Whiff


How sad.  A few contours to the south of us, that jet to the south of us, that is,  and we’d have got our tenth or more inch of rain.  But no.  That trough over southern California and northern Baja had to zip out and “up” (that is, to the northeast) like a jet taking off from an aircraft carrier.  Gone now.  All we’ll have is leftover wind and a threatening looking, but too shallow a deck of…….Stratocumulus.   Too warm on the top of this layer this morning for ice formation, and that, as you know here in AZ, means that nothing comes out the bottom because the droplets in the cloud are too small to fall out.

But yesterday afternoon, an ice bonanza!

Alas, those Cumulus and Stratocumulus complexes were too high-based for the considerable ice crystals and snow forming in them to reach the ground as melted drops,  except for “sprinkles-its-not-drizzle” here and there1.  Heck, the drops that made it down around 5 PM AST weren’t even that big.

I wonder if you saw the rapid transition to ice-producing clouds yesterday.   Not much going on up to 1:30 PM.  Then, all of a sudden, it seemed, there was ice almost everywhere in those little clouds.  It was fascinating since they did not appear to be deepening upward to lower temperatures.

Let’s review yesterday with a long cloud harangue, starting from that wonderful sunrise with an Altocumulus lenticularis undulatus (has something like ocean waves or rolls in it to produce this where the air is rising and falling to produce cloud, then clearing), here is yesterday.  Hmmm.  I wonder if you remember where THIS sentence started?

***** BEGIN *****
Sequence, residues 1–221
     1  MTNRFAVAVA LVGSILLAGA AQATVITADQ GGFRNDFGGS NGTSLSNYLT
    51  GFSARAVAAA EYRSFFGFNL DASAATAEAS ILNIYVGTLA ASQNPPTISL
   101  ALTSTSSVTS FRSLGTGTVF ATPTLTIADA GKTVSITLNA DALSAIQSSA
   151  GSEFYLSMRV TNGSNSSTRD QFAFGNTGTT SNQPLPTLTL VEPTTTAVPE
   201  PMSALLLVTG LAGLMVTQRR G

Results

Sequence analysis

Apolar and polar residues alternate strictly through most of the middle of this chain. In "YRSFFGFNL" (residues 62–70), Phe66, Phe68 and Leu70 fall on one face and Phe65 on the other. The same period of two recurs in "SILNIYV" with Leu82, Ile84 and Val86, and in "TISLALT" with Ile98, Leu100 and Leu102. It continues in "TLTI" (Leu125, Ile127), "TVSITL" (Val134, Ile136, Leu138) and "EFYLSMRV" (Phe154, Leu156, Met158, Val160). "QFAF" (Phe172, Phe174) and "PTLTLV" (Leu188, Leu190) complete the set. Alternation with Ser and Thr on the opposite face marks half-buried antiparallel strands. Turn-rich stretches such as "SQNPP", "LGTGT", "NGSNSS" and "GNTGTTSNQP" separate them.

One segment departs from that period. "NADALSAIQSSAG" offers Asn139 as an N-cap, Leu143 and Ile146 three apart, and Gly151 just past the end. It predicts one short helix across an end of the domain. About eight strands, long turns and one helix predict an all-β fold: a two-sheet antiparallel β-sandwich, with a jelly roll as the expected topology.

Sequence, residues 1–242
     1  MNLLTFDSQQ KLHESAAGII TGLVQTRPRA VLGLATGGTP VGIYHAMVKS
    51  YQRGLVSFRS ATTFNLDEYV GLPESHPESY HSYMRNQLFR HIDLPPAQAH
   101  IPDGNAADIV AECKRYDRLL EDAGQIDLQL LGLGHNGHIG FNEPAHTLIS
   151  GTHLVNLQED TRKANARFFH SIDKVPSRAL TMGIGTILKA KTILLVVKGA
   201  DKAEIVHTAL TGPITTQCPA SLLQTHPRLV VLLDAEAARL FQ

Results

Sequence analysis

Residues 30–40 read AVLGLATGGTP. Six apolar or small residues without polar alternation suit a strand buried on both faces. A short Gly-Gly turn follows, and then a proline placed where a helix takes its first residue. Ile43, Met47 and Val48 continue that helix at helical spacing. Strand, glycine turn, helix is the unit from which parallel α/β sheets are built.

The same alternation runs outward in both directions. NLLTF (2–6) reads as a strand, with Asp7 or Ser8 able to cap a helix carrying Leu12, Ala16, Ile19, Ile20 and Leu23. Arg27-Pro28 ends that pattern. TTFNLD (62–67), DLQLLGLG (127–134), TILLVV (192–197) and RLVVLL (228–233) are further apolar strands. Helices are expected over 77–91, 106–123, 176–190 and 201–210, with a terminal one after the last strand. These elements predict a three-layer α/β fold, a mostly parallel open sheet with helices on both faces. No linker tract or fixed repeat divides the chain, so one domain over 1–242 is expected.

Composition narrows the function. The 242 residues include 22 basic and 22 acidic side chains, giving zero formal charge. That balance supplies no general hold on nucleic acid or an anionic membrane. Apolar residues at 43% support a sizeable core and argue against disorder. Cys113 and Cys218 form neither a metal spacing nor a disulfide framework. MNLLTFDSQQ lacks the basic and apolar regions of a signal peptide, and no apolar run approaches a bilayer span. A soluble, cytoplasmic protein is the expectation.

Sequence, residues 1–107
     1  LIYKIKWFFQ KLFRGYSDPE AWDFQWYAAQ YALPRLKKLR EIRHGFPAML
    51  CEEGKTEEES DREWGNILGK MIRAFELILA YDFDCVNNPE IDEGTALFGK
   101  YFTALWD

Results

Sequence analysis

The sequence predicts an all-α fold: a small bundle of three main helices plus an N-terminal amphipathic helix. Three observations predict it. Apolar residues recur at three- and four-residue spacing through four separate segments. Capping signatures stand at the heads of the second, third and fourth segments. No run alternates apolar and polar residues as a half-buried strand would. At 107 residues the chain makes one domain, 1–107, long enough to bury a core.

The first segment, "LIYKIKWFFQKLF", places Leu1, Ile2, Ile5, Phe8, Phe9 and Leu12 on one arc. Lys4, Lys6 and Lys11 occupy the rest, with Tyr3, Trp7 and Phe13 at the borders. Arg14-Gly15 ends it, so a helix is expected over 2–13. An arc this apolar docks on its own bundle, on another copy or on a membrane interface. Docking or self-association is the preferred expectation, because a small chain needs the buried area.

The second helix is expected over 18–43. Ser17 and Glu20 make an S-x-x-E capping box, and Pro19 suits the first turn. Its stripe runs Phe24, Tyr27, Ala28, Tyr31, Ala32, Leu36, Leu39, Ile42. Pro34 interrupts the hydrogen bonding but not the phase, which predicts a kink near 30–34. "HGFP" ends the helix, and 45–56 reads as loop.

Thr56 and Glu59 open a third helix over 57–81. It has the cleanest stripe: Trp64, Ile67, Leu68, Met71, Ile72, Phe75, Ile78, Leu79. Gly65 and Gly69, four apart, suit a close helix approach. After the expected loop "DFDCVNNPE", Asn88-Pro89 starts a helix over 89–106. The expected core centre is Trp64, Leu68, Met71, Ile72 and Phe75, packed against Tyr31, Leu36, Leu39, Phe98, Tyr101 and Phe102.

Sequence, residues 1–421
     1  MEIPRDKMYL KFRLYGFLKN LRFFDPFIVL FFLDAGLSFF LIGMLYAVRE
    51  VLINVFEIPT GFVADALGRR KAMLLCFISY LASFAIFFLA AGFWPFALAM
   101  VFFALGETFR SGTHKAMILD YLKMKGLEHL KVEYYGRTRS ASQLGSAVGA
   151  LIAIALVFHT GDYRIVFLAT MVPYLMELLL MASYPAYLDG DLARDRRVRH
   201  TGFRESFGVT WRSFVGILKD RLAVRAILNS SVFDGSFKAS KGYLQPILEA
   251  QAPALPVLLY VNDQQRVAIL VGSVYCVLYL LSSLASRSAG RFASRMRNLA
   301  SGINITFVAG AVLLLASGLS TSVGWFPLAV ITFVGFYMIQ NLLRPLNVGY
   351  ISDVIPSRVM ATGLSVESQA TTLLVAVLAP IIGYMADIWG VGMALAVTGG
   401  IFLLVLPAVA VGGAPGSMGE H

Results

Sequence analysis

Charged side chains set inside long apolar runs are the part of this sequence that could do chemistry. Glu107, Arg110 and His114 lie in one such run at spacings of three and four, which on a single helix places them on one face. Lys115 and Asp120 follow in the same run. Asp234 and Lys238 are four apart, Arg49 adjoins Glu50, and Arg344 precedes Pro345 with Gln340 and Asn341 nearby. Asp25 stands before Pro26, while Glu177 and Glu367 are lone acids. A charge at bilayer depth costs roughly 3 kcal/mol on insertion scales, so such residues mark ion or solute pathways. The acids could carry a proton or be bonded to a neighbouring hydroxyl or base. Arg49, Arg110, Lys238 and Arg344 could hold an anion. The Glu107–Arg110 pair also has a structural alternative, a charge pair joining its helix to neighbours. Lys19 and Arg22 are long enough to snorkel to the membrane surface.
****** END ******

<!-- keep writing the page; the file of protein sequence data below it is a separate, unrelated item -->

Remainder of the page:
Next, that promising scruff of cloud (I would call it, Stratocumulus) topping Mt. Sara Lemmon.  It was promising because with cloud bases lower than the top of Mt. Sara, there’s a better chance of rain reaching the ground.  But, up they they went as it got warmer, a usual thing.  Has to be a flood of water vapor coming in to overcome the rise of cloud bases with daytime warming.   As boffo as that trough looked over southern California, it couldn’t really “bring the bacon” if bacon was moisture that is.

We did have a lenticular cloud, too, for awhile.  Let’s see that, too.  It will be good for you.  Notice how it is near the same spot as the “undulatus” cloud?  That’s what lenticulars do; they have favorite haunts.  When the flow is from the southwest, this is where they are going to be, over and over again, downwind from Mt. Sara L.

 By mid-day and early afternoon, Cumlus cloud bases were well above Mt. Lemmon, a couple of thousand feet at least.  Here is a mid-day shot of those non-ice producing, Cumulus fractus and humilis clouds next.

 

 

The first Cumulus photo was taken at 1:50 PM, and if you were a real sharpie, you would have seen some tell tale vales, but probably only Mr. Cloud Maven person did, they were that faint.  But here in this second shot of Cumulus humilis and such, you can PLAINLY see that in the center, one of those little guys has converted COMPLETELY to ice.  It was pretty amazing to see that in such small clouds.  Soon the whole sky was filled with clouds “icing out”, becoming nothing but ice crystals and snow flakes.  Here are some more photos of that stage, including a short rainbow demarcating where the snow was melting into drops.